From a consideration of the construction shown in FIG. 3 and the dimensions therein, several advantages of the construction according to the invention emerge. First, very little bulk is added to the conventional Night Vision Goggles 10 shown schematically in FIG. 1d. Secondly, since the image beam within the eyepiece is folded twice: once by the beam splitter 28 and again by the folding prism 25, the resulting folded image beam is not inverted and so the image directed to the external observer and superimposed on the external scene is upright. Additionally, as explained above, rotation of the combiner 22 with respect to the eyepiece 16 adds to the convenience of the arrangement, whilst as will now be explained not unduly impairing the observer's download field of view even if the LCD 23 is mounted below the eyepiece 16.
FIGS. 4a and 4b show schematically a detail of the optical arrangement depicted in FIG. 3 with and without the folding prism 25, respectively. In FIG. 4b, the absence of the folding prism 25 results in the optical axis of the LCD 23 being substantially normal to the optical axis 34 of the eyepiece. The arrangement is inevitably bulkier and the LCD 23 obscures the downward field of view of the observer. Further, since the image beam is inverted once only (by the beam splitter 28), the external observer sees an inverted image.
However, when the folding prism 25 is employed, the optical axis of the LCD 23 is substantially parallel to the optical axis 34 of the eyepiece 16 resulting in a much more compact arrangement and, for the reasons set out above, ensure that the image seen by the external observer is not inverted. Moreover, the downward field of view of the observer is not impaired.
FIG. 5 shows in perspective a view of the modified eyepiece 16 having a housing 40 and an annular adjustment 41 fixedly coupled to the beam splitter 28 and rotatable relative to the housing 40, so as to rotate the entry aperture 27 of the beam splitter 28. A pair of locking screws 42, of which one only is shown in the figure, allows for the beam splitter 28 to be fixed relative to the housing 40 so that it cannot be inadvertently rotated. Fixedly mounted with respect to the entry aperture 27 of the beam splitter 28 is a housing 43 for accommodating therein the imaging lens 24, the folding prism 25 and the collimating lens 26 and having at an end thereof a mount 44 for fixing the LCD 23 thereto.
FIG. 6 is a schematic diagram of an optical system 50 employing the modified Night Vision Goggles according to the invention for directing an image produced thereby to an external observer 51. The system 50 comprises a Night Vision Goggles 52 having mounted in at least one eyepiece 53 thereof the combiner 22 as described in detail above with reference to FIG. 5 of the drawings. A miniature LCD 54 is fixed to the mount 44 of the combiner 22 so as to lie in the focal plane of the objective 31 which captures the diffused image produced by the LCD 54 and produces a collimated entry beam.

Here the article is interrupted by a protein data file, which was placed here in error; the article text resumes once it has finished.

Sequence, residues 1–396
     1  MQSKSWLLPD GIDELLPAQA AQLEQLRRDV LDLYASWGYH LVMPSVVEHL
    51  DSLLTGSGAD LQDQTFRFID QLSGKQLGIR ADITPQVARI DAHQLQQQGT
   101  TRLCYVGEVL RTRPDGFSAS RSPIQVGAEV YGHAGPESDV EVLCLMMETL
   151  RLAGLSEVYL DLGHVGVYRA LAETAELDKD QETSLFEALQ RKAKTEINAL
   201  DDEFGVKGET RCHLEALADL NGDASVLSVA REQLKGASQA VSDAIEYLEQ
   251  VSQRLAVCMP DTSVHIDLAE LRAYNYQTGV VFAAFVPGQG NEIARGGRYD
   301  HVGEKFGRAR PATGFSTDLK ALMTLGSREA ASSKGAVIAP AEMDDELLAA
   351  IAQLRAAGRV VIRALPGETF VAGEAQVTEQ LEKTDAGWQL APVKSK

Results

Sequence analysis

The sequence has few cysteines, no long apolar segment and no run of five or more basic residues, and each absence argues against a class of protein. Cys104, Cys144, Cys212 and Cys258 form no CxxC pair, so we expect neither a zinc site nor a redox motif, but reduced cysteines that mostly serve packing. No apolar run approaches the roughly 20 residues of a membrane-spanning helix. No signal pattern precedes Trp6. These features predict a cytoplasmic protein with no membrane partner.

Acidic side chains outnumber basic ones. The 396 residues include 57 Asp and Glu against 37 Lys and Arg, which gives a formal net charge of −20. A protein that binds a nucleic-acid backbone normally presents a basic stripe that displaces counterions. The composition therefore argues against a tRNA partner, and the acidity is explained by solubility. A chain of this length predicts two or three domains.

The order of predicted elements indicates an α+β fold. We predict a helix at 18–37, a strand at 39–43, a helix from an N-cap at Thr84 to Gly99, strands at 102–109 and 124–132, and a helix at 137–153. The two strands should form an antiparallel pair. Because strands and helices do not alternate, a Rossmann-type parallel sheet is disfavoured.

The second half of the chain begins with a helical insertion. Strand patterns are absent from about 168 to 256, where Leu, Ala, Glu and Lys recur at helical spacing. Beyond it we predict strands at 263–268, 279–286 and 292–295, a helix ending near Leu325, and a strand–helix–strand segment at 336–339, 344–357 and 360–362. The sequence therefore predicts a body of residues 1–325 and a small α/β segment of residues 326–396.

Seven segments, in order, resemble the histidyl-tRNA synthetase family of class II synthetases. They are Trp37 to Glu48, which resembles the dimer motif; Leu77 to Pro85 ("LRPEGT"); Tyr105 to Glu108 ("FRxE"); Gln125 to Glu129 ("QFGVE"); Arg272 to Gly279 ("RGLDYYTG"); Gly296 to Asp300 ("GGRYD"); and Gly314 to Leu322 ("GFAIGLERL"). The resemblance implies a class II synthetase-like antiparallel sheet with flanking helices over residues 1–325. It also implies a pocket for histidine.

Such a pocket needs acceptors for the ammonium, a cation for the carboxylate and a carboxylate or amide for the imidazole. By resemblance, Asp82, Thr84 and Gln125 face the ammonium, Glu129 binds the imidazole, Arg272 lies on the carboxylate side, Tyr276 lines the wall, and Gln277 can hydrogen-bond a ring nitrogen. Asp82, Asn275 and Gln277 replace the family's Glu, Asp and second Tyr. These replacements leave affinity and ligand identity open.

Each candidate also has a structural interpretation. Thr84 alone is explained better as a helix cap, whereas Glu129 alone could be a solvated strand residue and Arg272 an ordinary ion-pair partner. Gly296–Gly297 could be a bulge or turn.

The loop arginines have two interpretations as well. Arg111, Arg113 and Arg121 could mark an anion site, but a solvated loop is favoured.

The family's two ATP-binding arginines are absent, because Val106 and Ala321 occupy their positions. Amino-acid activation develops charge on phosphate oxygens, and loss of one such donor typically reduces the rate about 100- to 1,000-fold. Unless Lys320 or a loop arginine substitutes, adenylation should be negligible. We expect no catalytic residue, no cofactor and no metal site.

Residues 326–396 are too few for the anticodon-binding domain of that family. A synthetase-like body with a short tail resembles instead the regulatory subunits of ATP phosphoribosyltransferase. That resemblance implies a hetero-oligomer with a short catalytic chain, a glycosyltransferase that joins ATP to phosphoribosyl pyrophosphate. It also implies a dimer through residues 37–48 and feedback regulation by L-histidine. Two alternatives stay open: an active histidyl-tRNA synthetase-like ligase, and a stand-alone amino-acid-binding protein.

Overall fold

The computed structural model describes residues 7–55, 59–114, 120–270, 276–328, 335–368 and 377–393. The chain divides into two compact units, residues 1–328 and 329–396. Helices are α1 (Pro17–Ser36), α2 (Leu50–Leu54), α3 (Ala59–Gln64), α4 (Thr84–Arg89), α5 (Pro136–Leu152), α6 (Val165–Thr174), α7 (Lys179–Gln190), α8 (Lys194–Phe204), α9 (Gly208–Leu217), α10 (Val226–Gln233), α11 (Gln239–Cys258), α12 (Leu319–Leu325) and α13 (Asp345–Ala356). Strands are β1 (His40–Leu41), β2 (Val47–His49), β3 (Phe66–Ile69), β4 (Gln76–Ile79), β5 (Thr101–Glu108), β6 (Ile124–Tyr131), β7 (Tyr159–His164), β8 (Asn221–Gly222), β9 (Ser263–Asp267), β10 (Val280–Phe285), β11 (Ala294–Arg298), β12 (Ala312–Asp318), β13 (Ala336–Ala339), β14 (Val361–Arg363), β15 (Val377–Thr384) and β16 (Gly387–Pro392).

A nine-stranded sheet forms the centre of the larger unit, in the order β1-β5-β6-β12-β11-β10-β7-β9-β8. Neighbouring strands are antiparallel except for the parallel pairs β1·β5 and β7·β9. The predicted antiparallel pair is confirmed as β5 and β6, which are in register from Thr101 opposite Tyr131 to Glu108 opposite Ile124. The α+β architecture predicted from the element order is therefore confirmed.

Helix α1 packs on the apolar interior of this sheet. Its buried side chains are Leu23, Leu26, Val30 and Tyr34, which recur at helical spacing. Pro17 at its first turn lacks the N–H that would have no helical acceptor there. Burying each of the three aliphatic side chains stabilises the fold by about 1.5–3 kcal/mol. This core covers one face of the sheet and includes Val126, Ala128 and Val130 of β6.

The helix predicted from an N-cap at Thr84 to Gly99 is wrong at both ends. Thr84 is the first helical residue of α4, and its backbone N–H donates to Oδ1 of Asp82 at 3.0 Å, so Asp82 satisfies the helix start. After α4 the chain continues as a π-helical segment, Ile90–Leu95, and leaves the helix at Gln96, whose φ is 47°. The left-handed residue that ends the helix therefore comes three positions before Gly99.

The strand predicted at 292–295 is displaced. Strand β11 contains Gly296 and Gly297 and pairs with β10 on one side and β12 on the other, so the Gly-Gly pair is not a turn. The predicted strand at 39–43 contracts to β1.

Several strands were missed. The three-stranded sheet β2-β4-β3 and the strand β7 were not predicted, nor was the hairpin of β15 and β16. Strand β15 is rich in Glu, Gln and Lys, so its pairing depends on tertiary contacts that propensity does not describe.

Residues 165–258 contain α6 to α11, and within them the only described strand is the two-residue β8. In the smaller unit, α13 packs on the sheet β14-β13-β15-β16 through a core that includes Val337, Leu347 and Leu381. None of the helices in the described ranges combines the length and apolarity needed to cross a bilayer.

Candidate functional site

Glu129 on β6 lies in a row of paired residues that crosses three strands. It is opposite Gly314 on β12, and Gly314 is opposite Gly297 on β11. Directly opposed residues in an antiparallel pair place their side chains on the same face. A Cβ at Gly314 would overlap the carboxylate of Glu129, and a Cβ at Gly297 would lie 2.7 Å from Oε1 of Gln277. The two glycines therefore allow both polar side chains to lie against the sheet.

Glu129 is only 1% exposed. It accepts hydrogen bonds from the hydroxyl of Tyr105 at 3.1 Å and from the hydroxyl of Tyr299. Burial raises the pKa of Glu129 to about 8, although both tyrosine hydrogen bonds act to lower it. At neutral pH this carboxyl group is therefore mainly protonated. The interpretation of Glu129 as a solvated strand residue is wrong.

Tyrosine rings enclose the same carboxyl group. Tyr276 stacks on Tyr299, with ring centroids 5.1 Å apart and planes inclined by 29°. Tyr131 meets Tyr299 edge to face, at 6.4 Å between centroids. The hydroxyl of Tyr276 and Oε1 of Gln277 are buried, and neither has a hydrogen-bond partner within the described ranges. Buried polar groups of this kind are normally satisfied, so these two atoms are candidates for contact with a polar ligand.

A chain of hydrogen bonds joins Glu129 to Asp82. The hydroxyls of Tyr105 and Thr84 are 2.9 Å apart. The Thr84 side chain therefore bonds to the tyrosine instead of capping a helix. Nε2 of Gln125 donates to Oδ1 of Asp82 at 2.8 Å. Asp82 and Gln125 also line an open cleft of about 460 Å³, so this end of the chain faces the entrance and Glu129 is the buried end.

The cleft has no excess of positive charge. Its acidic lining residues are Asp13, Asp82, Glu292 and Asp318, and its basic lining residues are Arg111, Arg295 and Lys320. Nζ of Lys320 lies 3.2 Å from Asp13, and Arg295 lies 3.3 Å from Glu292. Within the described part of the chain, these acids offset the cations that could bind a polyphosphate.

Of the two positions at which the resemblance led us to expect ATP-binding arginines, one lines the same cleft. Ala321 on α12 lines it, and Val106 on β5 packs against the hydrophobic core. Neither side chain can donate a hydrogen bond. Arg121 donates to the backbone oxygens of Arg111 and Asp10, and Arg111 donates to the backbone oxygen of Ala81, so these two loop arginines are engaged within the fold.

The LCD 54 is provided with a socket 55 (constituting a video coupling means) for coupling thereto a video processor 56 (constituting a video processing means) which is responsive to a desired video data signal for generating a standard video image signal conforming to a predetermined standard video format. The socket 55 includes both video and electrical power connections and is coupled to the video processor 56 by means of a multi-core cable 57 which includes both video and power cores thus enabling both electrical power as well as the video signal to be fed to the LCD 54 using the same cable.
The external observer 51 wears a helmet shown schematically as 58 having mounted on both sides thereof a matching socket 59 for coupling the cable 57 thereto so that electrical power can be fed to appropriate connections in the socket 59 so as to provide electrical supply to the LCD 54 and, at the same time, allow for the video output from the video processor 56 to be fed to the LCD 54. The socket 59 thus constitutes a video and power supply coupling means which, because only a single cable connection to both coupling means is required, allows for quick connection and release. Furthermore, by providing paired sockets 59 on opposite sides of the helmet 58, the cable 57 may be connected to either side of the helmet 58, thus making the connection and release equally convenient for both right and left handed personnel.
It is to be noted that the invention contemplates within its scope a Night Vision Goggles adapted for stereoscopic use and a system for use therewith by mounting a pair of combiners as described, one in each eyepiece. of the Night Vision Goggles.
It will be appreciated that the dimensions of the eyepiece shown in FIG. 3 are by way of example only. In practice, different eyepieces must be customized for mounting therein the combiner, but the customization is not itself a feature of the invention and is well within the scope of an optical engineer. It is also to be noted that not all eyepieces lend themselves to adaptation. In this case, the combiner may be mounted in a suitable eyepiece which is then substituted for the original eyepiece of the Night Vision Goggles.
Although the invention has been described with particular reference to a combiner for use with Night Vision Goggles, these are merely an example of an optical device having a finite conjugate. The principles of the invention are equally well suited to other such devices.
Likewise, the LCD is described as a particular implementation of an illumination sub-unit, it being understood that any display or image source may be substituted therefor.
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|U.S. Classification||359/629, 359/640|
|Apr 2, 1998||AS||Assignment|
Owner name: VECTOP LTD., ISRAELI COMPANY, ISRAEL
Free format text: ASSIGNMENT OF ASSIGNORS INTEREST;ASSIGNORS:CARMELI, RAN;BAR-LEV, OMER;GREISMAN, URI;REEL/FRAME:009095/0600
Effective date: 19971103
|Nov 10, 2003||FPAY||Fee payment|
Year of fee payment: 4
|Nov 19, 2007||REMI||Maintenance fee reminder mailed|
|May 9, 2008||LAPS||Lapse for failure to pay maintenance fees|
|Jul 1, 2008||FP||Expired due to failure to pay maintenance fee|
Effective date: 20080509